June 14, 2006 in Nation/World

Batteries charge patriotism

Margaret Webb Pressler Washington Post
Photo courtesy of Litzky Public Relations photo

Richard Levy of Bethesda, Md., an inventor of the Furby and hundreds of other toys, has created the first-ever self-waving flag.
(Full-size photo)

Displaying the Stars and Stripes

» Today is Flag Day, which commemorates the official adoption of the U.S. flag in 1777. Here are some guidelines for display of the Stars and Stripes, according to the Department of Veterans Affairs.

» “The flag should not be flown in rain or snow unless it is an all-weather flag.

» “When placed on a stage at a church or auditorium, the flag should always be “in the position of honor” at the speaker’s right.

» “When the flag is hung over a street, it should be displayed so the “union” (the blue field with the stars) faces north or east.

» “The flag should never be allowed to touch the ground or floor, and should never be used as clothing, bedding, or drapery.

» “When the flag is no longer fit for use, it should be destroyed, preferably by burning.

WASHINGTON – There’s probably no image that more typifies American patriotism – now in peak season, with today being Flag Day – than the Stars and Stripes waving in the wind. Unfortunately, getting that magical effect takes work. As many people have experienced, you have to hoist the flag up a pole, handling it ever so gingerly, and then, of course, you need a breeze. But not anymore.

Richard Levy of Bethesda, Md., is a prolific inventor who has produced what he calls the world’s first-ever self-waving flag. You know Levy, even if you don’t realize it. His somewhat unusual mind is behind about 200 toys for adults and kids, including the mega-hit Furby, which he co-created.

Called “The Wave Stars and Stripes,” Levy’s waving flag looks deceptively simple in the box. But press a button and – voila! – the banner undulates gracefully, as if Mother Nature herself had descended on your desk and powered up a gust. In the background, take your pick of patriotic anthem: “The Star-Spangled Banner,” “My Country, ‘Tis of Thee” or “The Stars and Stripes Forever.”

For Washington, it’s the ultimate office toy. And it’s showing up in some high-profile offices here.

Levy has sent the flag to President Bush, Vice President Dick Cheney, Secretary of State Condoleezza Rice, Defense Secretary Donald Rumsfeld, and Sens. Joseph Lieberman, D-Conn., and John McCain, R-Ariz., among others.

“Letters have started to come back,” Levy said, including missives from Cheney, Lieberman and Rumsfeld. “What’s not to like?”

His outreach has worked. The product has only just hit stores and it already has fans. When a reporter tried to reach former ambassador Richard Solomon, president of the U.S. Institute of Peace, to discuss the invention, his assistant initially referred the inquiry to the press office. But then she found out what the call was about.

“Oh, you’re calling about our little wavy flag? Hang on,” she said.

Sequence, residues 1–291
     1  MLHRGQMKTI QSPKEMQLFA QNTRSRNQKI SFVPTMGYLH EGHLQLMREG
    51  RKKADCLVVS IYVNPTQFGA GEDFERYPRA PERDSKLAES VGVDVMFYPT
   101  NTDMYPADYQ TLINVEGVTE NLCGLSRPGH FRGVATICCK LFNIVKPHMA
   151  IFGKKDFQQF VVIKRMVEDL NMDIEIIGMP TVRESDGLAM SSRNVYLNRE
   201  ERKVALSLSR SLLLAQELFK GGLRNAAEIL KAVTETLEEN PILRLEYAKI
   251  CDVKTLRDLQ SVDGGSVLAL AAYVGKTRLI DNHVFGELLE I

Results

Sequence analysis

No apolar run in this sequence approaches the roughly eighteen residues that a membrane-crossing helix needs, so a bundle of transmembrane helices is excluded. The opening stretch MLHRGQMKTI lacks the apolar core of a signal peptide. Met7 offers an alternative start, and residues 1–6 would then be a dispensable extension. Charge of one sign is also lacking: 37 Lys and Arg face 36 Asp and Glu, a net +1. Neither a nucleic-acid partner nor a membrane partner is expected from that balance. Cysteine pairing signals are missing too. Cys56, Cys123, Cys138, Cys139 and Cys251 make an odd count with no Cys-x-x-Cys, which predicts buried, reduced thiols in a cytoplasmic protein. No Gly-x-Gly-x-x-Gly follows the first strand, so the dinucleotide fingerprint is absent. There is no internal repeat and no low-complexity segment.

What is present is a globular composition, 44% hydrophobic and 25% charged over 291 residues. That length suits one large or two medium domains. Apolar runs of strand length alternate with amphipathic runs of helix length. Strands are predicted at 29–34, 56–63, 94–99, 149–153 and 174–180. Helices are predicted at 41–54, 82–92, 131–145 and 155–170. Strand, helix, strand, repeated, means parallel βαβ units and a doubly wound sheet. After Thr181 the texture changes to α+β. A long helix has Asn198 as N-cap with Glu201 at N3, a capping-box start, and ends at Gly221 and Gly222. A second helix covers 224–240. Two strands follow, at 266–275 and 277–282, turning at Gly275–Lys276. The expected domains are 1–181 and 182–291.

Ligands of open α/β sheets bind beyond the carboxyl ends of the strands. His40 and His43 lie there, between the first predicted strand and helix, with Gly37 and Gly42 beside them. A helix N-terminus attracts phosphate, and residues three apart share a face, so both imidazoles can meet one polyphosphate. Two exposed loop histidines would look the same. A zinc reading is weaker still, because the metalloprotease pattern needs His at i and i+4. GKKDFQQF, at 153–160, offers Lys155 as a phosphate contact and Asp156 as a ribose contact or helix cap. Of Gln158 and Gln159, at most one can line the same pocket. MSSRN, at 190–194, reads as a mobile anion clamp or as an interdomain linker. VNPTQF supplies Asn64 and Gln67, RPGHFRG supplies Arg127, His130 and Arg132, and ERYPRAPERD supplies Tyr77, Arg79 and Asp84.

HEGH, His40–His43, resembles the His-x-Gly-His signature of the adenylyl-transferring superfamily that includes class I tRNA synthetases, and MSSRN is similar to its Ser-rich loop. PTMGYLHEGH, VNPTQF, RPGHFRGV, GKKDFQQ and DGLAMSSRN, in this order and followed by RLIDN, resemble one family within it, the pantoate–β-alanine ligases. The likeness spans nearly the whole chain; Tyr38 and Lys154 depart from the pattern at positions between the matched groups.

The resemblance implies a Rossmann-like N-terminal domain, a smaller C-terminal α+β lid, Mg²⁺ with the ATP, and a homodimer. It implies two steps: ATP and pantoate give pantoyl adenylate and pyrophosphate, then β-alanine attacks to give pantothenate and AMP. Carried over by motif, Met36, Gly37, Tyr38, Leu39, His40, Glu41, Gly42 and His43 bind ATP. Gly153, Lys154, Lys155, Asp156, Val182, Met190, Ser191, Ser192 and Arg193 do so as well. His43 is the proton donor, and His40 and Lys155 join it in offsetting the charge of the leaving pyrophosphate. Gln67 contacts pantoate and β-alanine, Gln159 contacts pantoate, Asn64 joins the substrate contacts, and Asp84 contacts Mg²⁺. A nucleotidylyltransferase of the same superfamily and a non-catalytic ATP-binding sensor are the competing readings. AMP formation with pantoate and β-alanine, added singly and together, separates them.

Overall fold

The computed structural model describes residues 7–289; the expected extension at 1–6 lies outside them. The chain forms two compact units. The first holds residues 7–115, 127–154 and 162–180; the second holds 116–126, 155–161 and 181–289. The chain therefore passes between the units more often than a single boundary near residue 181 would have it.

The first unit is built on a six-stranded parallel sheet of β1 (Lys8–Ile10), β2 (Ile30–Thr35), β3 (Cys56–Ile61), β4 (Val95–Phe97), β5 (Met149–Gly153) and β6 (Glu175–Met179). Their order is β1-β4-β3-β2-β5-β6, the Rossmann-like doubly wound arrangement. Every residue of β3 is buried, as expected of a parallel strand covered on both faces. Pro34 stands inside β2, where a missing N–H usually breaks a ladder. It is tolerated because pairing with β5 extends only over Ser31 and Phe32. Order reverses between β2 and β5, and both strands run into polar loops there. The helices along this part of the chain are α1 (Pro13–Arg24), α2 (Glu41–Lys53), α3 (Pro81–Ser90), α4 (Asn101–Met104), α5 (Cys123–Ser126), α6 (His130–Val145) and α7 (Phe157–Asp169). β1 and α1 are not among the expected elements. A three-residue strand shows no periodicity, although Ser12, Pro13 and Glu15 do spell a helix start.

Moments later, Solomon was on the line, expressing his love for his self-waving flag.

“Visitors, whether American or foreign, walk in and we have a talk about world affairs, and as they’re walking out I say, ‘Oh, by the way, just press that button.’ And they all break up,” Solomon said.

“Some people might find flag-waving a little over the top, but most people respect the flag, and it’s an unusual way, and a lighthearted way, to show it,” he said.

The Wave flag idea came to Levy from California inventor Ron Milner, who co-created the Atari 2600, the hugely popular 1975 video-game console.

“I loved the idea,” Levy said.

Milner sent Levy a mockup made in a plastic flowerpot. The finished product uses an ingenious system of rotating coils sewn into channels in the flag (now patented). It can be squeezed or crushed and will pop right back open and wave again.

Two years ago, Levy shared the flag idea with SRM Entertainment Ltd., a manufacturer of electronic toys outside Philadelphia. SRM President Stephen Mickelberg said he knew it was a winner right away and agreed to manufacture it.

The flag was unveiled at the International Toy Fair in New York in February, and SRM has sold it to Toys R Us, Kmart and CVS/pharmacy nationwide, no small feat for a new product. Mickelberg said it is too early to say how sales have been, but he is hopeful, based on retailers’ initial reactions. It sells for $24.99, batteries included, he said.

“Obviously, we’re hoping it’ll be a strong product for the Fourth of July,” said Erin Pensa, a spokeswoman for CVS Corp., who added that competition is stiff even to get patriotic merchandise on the shelf. She said the season is brief, with lots of products vying for retailers’ attention.

Levy has not missed a marketing opportunity. He has a Web site that shows the flag in action ( www.thewaveflag.com). He put a flag trivia quiz on the toy’s box. And he touts his attention to detail – such as the decision to make the toy in China but to have the flag made by Valley Forge Flag Co. in Pennsylvania.

“We would never put a foreign-made flag on the thing, for goodness’ sake,” he said.

Levy is a self-described patriotism nut and counts this as his third patriotic toy. His first was a snap-together puzzle of the statue at the Vietnam Veterans Memorial. Then, after Sept. 11, 2001, he created a board game called “Spirit of America.”

Levy recognizes that the technology behind the Wave flag has other applications beyond the patriotic. He is working on a version that displays NASCAR banners and another using college flags and fight songs. Another idea Levy wants to pursue is baby gifts for hospital shops that say “It’s a Boy” or “It’s a Girl” on a waving flag that plays a lullaby.

“We’re in a fashion industry – never get caught with your trends down,” Levy said. “The retailers want something new every year.”

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